It won't count as a goal for Chapa Herrera, but it will count as a goal. It wasn't a clean sheet for Logan Ketterer, but you could say he found some bleach.

It wasn't a win for El Paso Locomotive FC, but there was a point. The kind you earn and the kind you make.

On the tight, elastic but not-so-fantastic FieldTurf of Taft Stadium in Oklahoma City, Mark Lowry and Locomotive FC began the process of turning their ship back in the right direction with a 1-1 draw against opportunistic Energy FC.

There is no describing how hard that can be in the sweaty, Swiss-cheese-roster world of American second division soccer, especially after nearly being set adrift by a raft of injuries on the back line.

But with no wind in its sails, El Paso (7-4-7, 28 points) put oars in the water and rowed itself out of a deficit to salvage a point.

Lowry lauded his team's resolve.

"The first half, we were magnificent," said the Englishman. "Completely controlled the game and a dubious call from the referee gifts them a PK goal. Going from dominating to being a goal down was a great test of character for the guys and they came through with flying colors."

After a deflection caromed off Locomotive centerback Drew Beckie in the area referee Thomas Snyder whistled the Canadian international for handball, though it appeared Beckie didn't know much about it as the ball came his way from behind.

Omar Salgado's former Las Vegas Lights FC teammate, Rafael Garcia, converted his spot kick in the 29th with some help from the left post.

Summer soccer swelter and thin rosters aside, there was that other oft-endured pothole in second division play. The pitch.

Speaking of pitches, isn't it amazing that the fields in the best shape for Locomotive FC's last few matches are not soccer-specific or multi-purpose football stadia, but baseball diamonds?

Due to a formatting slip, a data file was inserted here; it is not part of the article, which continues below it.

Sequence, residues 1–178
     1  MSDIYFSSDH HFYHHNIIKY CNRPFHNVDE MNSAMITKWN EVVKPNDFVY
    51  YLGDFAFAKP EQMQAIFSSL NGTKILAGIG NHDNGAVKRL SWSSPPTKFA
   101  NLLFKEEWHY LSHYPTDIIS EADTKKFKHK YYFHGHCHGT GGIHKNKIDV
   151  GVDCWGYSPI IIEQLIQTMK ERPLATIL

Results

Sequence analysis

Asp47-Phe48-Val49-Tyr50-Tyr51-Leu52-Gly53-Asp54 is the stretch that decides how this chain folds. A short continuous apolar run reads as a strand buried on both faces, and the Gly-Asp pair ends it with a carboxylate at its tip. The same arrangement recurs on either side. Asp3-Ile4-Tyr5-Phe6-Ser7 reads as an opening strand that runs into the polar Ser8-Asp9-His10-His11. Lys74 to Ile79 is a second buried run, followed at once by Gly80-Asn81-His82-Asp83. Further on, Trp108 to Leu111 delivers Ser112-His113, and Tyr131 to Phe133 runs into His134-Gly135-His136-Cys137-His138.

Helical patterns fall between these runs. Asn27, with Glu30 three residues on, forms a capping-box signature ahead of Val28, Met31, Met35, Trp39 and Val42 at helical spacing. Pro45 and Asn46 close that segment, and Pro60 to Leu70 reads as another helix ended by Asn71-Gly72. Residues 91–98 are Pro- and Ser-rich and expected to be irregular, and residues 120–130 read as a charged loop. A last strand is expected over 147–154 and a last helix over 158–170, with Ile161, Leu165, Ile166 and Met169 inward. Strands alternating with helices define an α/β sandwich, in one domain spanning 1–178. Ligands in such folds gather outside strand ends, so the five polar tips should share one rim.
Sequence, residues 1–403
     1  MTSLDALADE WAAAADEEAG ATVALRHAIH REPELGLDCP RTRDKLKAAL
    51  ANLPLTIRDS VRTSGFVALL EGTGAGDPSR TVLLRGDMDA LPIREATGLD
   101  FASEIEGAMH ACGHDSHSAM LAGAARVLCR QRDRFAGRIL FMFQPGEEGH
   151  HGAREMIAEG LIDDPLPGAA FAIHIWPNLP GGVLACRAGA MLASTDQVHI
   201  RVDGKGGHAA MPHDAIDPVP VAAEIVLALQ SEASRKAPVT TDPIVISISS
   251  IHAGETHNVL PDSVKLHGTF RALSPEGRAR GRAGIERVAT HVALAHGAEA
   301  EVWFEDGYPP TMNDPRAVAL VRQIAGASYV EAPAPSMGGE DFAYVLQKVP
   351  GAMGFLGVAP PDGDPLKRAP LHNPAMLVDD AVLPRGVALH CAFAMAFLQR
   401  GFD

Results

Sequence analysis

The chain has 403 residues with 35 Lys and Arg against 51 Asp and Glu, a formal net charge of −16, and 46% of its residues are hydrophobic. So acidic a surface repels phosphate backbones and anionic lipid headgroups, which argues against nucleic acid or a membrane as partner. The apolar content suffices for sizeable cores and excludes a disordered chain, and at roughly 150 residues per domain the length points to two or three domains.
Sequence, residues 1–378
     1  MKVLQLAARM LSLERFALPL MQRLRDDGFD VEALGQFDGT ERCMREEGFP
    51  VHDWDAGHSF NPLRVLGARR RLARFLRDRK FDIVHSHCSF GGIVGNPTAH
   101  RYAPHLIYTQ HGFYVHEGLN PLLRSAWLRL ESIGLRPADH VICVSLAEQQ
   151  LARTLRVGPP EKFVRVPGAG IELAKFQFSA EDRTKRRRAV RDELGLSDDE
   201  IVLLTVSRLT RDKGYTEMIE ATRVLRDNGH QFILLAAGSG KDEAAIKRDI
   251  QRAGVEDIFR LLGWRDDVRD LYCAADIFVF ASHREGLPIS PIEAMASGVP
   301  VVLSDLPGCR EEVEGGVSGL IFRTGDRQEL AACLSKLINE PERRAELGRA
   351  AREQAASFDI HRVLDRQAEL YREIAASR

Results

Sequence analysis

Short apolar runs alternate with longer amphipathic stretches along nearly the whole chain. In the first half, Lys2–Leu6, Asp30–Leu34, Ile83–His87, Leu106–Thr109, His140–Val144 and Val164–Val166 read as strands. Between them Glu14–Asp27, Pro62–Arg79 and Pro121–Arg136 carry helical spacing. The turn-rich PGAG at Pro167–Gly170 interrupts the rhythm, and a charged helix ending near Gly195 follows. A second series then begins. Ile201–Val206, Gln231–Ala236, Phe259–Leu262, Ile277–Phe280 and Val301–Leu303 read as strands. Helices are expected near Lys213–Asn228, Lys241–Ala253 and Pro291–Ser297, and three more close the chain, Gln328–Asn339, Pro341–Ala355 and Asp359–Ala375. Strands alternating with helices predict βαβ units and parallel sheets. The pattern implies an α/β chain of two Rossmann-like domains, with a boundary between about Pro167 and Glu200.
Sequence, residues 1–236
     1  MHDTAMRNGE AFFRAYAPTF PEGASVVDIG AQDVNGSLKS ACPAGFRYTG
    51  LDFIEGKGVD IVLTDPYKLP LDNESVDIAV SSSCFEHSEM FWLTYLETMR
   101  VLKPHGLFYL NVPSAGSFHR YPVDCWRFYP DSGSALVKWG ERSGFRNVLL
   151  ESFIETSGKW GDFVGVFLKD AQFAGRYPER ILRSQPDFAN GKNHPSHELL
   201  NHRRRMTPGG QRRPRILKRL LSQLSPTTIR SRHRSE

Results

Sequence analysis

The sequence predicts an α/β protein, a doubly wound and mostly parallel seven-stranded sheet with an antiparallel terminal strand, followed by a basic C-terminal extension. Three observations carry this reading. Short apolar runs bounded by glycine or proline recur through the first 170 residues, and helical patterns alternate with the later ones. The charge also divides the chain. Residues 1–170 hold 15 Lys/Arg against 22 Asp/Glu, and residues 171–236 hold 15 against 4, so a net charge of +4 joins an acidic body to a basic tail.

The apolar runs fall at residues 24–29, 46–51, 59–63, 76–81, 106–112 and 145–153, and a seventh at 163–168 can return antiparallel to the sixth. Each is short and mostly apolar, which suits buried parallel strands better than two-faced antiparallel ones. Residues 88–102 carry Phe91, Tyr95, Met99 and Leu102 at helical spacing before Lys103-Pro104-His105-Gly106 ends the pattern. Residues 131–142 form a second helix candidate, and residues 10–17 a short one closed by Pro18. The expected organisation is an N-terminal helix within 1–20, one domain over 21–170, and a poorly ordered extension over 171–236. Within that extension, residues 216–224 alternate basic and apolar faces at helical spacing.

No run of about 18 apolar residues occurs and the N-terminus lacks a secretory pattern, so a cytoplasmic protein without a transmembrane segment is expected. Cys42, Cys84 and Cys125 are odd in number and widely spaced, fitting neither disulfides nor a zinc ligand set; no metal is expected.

Let's say Taft Stadium's turf was...responsive. Normally home to Oklahoma City public schools for high school football, the surface might shave a tenth of a second off someone's 40-yard dash time. Good if you're trying to draw interest from the college football behemoth 30 miles to the south, bad if you're trying to trap a pass and you can't use your hands.

"The field conditions were incredibly challenging for us in terms of passing the ball with any good tempo," said Lowry. "The turf made it almost impossible to move the ball quickly but the players persevered, stayed true to our style of play and came away with a well deserved point."

And now, a 10-day break with fifth place in the Western Conference still in the grasp. The draw also keeps Oklahoma City (6-5-8) in the rearview, 8th place with 26 points.

Concerns remain. After being named USL Championship Player of the Month for May and vaulting to the top of the Golden Boot race with 10 goals, Jerome Kiesewetter has only gotten as close as the woodwork this last month.

As he hit the sycamore in San Antonio, Kiesewetter found the oak in OKC (surely a country music song in the making), knocking his shot off the right post in the 50th after getting by Energy keeper Cody Laurendi.